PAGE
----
1.) Police Unions: Police departments across the country have become dependent on federal drug war grants to finance their budget. In March, we published a story revealing that a police union lobbyist in California coordinated the effort to defeat Prop 19, a ballot measure in 2010 to legalize marijuana, while helping his police department clients collect tens of millions in federal marijuana-eradication grants. And it’s not just in California. Federal lobbying disclosures show that other police union lobbyists have pushed for stiffer penalties for marijuana-related crimes nationwide.

2.) Private Prisons Corporations: Private prison corporations make millions by incarcerating people who have been imprisoned for drug crimes, including marijuana. As Republic Report’s Matt Stoller noted last year, Corrections Corporation of America, one of the largest for-profit prison companies, revealed in a regulatory filing that continuing the drug war is part in parcel to their business strategy. Prison companies have spent millions bankrolling pro-drug war politicians and have used secretive front groups, like the American Legislative Exchange Council, to pass harsh sentencing requirements for drug crimes.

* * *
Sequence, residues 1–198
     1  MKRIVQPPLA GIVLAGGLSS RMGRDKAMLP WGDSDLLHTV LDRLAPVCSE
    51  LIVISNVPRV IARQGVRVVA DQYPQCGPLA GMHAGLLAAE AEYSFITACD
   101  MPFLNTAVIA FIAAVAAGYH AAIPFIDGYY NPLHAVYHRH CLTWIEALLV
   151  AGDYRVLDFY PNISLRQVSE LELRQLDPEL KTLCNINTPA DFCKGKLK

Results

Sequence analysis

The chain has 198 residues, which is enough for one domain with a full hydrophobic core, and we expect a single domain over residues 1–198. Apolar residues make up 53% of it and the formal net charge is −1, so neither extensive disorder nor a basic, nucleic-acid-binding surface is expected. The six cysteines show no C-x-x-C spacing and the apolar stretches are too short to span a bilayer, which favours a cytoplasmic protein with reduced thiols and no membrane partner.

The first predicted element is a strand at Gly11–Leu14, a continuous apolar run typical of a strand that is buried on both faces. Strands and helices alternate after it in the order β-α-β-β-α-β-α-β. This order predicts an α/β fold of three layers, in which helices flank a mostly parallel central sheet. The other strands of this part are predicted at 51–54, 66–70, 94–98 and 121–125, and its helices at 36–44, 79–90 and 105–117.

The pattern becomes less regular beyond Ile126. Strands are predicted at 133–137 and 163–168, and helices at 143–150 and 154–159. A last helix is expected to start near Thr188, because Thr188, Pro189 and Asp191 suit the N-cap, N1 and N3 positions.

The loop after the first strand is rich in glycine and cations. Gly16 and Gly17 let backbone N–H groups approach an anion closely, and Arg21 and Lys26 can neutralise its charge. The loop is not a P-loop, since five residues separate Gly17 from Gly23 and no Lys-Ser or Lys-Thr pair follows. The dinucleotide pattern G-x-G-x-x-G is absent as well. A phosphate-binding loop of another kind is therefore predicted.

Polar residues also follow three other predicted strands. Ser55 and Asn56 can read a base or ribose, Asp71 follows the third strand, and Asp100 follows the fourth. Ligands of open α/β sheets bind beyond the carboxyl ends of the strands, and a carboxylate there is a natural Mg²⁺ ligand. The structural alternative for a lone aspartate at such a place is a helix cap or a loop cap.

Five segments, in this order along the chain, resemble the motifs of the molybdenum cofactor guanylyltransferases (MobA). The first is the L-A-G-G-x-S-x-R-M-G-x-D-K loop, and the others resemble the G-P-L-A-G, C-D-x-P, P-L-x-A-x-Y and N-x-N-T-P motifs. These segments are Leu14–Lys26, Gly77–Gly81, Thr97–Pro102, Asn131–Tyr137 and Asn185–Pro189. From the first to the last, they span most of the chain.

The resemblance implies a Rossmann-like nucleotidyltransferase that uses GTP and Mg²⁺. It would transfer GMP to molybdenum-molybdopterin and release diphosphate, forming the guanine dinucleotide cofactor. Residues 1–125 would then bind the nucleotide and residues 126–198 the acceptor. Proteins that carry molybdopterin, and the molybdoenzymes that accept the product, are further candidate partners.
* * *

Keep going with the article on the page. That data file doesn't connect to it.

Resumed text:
3.) Alcohol and Beer Companies: Fearing competition for the dollars Americans spend on leisure, alcohol and tobacco interests have lobbied to keep marijuana out of reach. For instance, the California Beer & Beverage Distributors contributed campaign contributions to a committee set up to prevent marijuana from being legalized and taxed.

4.) Pharmaceutical Corporations: Like the sin industries listed above, pharmaceutical interests would like to keep marijuana illegal so American don’t have the option of cheap medical alternatives to their products. Howard Wooldridge, a retired police officer who now lobbies the government to relax marijuana prohibition laws, told Republic Report that next to police unions, the “second biggest opponent on Capitol Hill is big PhRMA” because marijuana can replace “everything from Advil to Vicodin and other expensive pills.”

5.) Prison Guard Unions: Prison guard unions have a vested interest in keeping people behind bars just like for-profit prison companies. In 2008, the California Correctional Peace Officers Association spent a whopping $1 million to defeat a measure that would have “reduced sentences and parole times for nonviolent drug offenders while emphasizing drug treatment over prison.”



posted on Oct, 1 2014 @ 08:46 AM